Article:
Well I'm not a lil kid so this really does not affect me. As for my son already watches me play video games weather they are violent are not so what am I gonna tell him that he can't play lol. He will be okay lol
Anyone else feel like this took forever to get decided? I mean, I understand the need to be thorough in deciding cases, particularly such as this, but does the "due process of law" really take this long to settle a case? A million little things could happen in the time it takes to get through cases.
politicans actually do something good... wow im immpressed
Dang it GIO, you beat me to the punch (I was gonna tell about this on my blog, but mine probably would've sucked miserably)!
HA! Video-gamers win yet again!!!
Now I hope parents will start doing some parenting and research what their kids are asking for before they buy it so we wont have to go through this nonsense again
"BOOM! HEADSHOT! Court is adjourned."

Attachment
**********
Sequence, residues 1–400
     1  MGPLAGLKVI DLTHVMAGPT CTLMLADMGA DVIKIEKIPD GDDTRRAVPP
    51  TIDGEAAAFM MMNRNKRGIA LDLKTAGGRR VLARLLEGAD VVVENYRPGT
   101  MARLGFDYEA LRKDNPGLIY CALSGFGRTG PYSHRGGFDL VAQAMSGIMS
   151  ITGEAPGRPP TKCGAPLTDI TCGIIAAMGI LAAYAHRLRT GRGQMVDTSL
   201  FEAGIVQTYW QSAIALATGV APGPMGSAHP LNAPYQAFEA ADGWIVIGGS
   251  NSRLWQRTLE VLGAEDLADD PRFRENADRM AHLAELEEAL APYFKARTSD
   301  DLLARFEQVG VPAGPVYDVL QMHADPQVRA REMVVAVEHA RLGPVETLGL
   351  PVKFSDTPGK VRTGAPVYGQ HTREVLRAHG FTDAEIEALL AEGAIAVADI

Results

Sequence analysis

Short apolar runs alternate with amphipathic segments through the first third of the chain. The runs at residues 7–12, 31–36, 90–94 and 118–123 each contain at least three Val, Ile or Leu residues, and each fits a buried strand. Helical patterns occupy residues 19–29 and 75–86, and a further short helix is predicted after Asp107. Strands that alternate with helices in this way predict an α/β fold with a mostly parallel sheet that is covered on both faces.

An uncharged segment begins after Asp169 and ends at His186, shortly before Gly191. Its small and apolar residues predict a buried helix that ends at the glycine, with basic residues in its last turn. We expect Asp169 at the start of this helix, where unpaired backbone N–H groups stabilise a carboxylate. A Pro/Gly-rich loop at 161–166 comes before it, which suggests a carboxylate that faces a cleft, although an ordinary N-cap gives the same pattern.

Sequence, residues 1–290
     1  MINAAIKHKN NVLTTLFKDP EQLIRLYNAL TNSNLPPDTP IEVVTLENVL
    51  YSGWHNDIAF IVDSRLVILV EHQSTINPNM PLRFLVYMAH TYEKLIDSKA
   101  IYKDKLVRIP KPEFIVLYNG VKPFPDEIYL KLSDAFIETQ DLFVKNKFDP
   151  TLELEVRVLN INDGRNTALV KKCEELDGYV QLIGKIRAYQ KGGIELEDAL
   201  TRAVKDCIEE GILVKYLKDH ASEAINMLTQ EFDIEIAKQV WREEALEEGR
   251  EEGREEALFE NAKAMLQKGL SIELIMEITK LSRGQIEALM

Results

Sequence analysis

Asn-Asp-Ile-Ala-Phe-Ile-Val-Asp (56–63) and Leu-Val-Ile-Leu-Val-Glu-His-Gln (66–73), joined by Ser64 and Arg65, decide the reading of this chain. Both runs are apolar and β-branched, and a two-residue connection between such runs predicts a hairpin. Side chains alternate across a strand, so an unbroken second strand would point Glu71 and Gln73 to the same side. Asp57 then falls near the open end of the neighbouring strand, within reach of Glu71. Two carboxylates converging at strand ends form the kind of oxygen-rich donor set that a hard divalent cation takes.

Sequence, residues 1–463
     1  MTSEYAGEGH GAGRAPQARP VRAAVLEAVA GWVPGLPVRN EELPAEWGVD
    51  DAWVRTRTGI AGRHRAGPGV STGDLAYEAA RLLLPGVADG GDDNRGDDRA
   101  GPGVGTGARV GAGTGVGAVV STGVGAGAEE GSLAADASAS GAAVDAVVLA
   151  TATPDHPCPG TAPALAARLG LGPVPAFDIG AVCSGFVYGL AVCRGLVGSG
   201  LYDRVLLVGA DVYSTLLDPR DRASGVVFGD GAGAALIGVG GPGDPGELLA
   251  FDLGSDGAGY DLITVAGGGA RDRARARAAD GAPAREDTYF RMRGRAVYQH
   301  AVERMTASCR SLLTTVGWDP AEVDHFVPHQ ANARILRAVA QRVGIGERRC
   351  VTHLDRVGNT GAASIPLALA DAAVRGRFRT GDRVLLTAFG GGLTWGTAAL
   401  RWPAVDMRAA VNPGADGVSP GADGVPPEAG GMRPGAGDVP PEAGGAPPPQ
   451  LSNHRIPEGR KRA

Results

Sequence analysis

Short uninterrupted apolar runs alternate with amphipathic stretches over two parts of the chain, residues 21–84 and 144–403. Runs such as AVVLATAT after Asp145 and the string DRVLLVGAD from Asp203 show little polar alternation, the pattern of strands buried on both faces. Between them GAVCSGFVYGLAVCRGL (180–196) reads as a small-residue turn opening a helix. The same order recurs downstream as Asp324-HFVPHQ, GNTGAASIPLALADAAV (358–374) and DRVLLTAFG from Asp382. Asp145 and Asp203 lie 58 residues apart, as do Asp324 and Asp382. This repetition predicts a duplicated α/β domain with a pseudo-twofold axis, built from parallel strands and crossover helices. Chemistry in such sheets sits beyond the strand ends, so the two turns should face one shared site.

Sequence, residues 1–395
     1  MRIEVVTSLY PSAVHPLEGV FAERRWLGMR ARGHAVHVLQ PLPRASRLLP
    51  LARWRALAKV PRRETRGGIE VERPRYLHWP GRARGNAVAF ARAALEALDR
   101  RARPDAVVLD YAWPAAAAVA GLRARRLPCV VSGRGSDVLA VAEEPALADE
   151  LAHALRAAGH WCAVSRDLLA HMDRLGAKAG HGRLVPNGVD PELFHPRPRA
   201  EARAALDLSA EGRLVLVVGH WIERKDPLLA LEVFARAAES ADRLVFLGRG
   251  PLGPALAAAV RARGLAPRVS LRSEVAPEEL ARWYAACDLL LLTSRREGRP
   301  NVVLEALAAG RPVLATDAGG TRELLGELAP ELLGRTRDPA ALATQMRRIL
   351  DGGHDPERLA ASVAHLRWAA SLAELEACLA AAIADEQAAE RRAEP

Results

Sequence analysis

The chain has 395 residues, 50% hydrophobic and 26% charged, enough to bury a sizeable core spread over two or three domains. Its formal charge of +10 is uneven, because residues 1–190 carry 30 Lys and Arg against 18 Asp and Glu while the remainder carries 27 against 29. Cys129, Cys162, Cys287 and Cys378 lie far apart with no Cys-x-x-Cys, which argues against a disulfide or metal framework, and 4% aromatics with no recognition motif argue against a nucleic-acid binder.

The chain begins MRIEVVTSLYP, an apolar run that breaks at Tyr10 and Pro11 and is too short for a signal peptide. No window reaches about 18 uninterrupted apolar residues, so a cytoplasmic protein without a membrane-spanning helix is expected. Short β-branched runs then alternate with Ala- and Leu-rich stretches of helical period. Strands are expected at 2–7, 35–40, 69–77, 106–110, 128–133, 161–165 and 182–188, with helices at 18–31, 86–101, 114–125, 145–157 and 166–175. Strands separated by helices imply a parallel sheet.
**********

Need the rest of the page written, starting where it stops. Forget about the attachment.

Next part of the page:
Anyways, videogames are a form of art and entertainment. The studies done to confirm that violent videogames present a danger to children are controversial and vague at best. Many times news stations will leave out the fact that the kid who ran rampant because of a certain game, was actually mentally ill prior to the incident.
What I've said during this whole debacle still stands afterwards: You're a parent, so act like one. If your child cannot discern between reality and fantasy, it's time to get them admitted into a psych ward.
Finally a win for the people.
video games are art and as such are protected under the first amendment and that is all there is to it.
The reason why this was brought up still eludes me. Wasn't it proven in a study that violent video games do nothing to encourage violence?
Anyway, SUCK IT GENERATION W!!!